Spatial Data Mining: A Perspective of Big Data

Spatial Data Mining: A Perspective of Big Data

Shuliang Wang (School of Software, Beijing Institute of Technology, Beijing, China) and Hanning Yuan (School of Software, Beijing Institute of Technology, Beijing, China)
Copyright: © 2014 |Pages: 21
DOI: 10.4018/ijdwm.2014100103
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Abstract

Big data brings the opportunities and challenges into spatial data mining. In this paper, spatial big data mining is presented under the characteristics of geomatics and big data. First, spatial big data attracts much attention from the academic community, business industry, and administrative governments, for it is playing a primary role in addressing social, economic, and environmental issues of pressing importance. Second, humanity is submerged by spatial big data, such as much garbage, heavy pollution and its difficulties in utilization. Third, the value in spatial big data is dissected. As one of the fundamental resources, it may help people to recognize the world with population instead of sample, along with the potential effectiveness. Finally, knowledge discovery from spatial big data refers to the basic technologies to realize the value of big data, and relocate data assets. And the uncovered knowledge may be further transformed into data intelligences.
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Introduction

Big data is a complex data set with the characteristics such as Volume, Variety, Velocity and Veracity (Meyer-Schoenberger, & Cukier, 2013). It exceeds the capacity of current computing techniques and tools (Wu et al., 2014; Rajaraman, & Ullman, 2011). In big data, spatial data specifically accounts for the vast majority. About 80% of data is associated with the spatial position (Grossner, Goodchild, & Clarke, 2008; Shekhar, Xiong, 2007). Any kind of object or structure may be related to a geo-spatial location, such as buildings, roads, places, bridges, or rivers. Spatial data is the basis of data and source of wisdom for people to understand the real-world through the information world by better addressing social, economic, and environmental issues of pressing importance (Hackeloeer et al., 2014).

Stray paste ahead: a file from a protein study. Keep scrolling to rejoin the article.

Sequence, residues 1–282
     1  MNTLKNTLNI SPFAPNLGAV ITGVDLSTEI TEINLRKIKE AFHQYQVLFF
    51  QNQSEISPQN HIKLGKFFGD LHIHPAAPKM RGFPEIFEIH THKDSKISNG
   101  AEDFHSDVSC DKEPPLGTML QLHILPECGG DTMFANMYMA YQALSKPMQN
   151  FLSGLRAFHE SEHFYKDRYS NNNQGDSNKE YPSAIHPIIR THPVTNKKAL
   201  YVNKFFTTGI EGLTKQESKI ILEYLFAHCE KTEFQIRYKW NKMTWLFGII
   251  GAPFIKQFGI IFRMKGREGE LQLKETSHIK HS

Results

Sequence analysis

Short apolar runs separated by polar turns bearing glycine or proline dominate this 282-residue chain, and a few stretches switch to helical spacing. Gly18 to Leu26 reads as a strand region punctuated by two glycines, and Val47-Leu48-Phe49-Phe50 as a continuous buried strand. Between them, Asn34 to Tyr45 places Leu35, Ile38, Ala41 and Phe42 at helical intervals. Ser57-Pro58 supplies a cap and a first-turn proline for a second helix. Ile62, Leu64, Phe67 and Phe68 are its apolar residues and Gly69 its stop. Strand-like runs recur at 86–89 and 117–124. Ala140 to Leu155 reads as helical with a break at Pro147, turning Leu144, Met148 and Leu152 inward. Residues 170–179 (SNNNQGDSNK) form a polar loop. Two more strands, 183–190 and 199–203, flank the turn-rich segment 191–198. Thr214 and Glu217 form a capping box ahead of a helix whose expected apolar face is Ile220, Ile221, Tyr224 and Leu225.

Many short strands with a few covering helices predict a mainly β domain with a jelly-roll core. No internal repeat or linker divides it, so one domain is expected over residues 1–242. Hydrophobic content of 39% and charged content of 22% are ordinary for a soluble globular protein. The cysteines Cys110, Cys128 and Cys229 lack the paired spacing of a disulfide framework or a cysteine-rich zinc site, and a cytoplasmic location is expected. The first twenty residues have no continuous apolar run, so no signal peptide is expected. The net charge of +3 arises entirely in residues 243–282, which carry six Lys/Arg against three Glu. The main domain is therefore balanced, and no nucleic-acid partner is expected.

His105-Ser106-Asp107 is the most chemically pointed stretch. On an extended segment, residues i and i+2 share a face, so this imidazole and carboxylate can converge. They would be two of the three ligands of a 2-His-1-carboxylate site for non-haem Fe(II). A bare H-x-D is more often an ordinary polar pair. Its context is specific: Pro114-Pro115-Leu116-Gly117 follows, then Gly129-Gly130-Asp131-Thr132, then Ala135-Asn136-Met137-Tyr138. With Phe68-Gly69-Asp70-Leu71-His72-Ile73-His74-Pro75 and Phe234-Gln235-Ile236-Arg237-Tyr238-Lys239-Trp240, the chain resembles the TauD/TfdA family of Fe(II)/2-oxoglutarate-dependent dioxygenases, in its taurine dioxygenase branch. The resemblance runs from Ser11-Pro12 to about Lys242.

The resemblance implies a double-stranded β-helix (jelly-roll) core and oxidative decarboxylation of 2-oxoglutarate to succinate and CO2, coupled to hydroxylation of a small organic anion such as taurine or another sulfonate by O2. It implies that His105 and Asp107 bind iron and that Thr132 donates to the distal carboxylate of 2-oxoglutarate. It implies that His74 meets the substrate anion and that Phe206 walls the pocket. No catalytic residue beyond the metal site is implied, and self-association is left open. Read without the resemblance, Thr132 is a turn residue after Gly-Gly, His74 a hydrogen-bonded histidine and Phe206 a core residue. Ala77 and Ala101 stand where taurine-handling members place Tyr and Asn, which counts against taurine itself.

Big data is closely associated with various applications, in which spatial data mining is principal. Because of the complex types, intrinsic relationships, and implicit autocorrelation in spatial big data, it is much more difficult to extract the useful patterns from spatial datasets than from conventional numeric and categorical datasets (Vatsavai et al., 2012).

From the Real World to the Information World

Human civilization is a process from understanding the real world to creating the information world. It has gone through the following stages: information being sensed from the world, information assisting in memorizing the world, information being recorded and inherited, exchange and communication by information, and understanding the world once again by information (Li, Wang, & Li, 2013). Initially, human take advantage of stones and shells to count according to the principle of one-to-one. And they keep records by tying knots. Later, picture notes are invented to inherit more accurate memory by using simple graphics along with perceptual cue. When the picture becomes relatively fixed by shape symbols, associating with the words in the language, it produces texts. Texts abstract and generalize the world, promote cultural understanding, and prepare the necessary foundation for the development of science. In order to break through the restrictions that the written symbols depend on artificial transcription, carving or engraving, human use machines after industrial revolution to batch mechanization production, which promotes the efficiency of the cultural transmission. Computer pays attention to high-speed computing, and spins off the software from the hardware, contributing to the dissemination of information “electronically” and “automatically”. Internet focuses on network by interrelating computers, and it breaks local information limitation. Mobile communication unbounds human from the machine by making the machine follow user’s movements. The Internet of Things cares for the application of human-machine interoperation by automatically identifying objects, enabling the information sharing between the human and things. Cloud computing centralizes service by consolidating expertise and optimizing the allocation of resources. Big data aims at population data, and takes good advantage of the entire data, breaking the randomness of the samples (Burstein, Holsapple, 2008; Haining, 2003), and demonstrating on big data center and mobile terminal. The abovementioned information technologies ultimately serve for the understanding and transforming of the real world.

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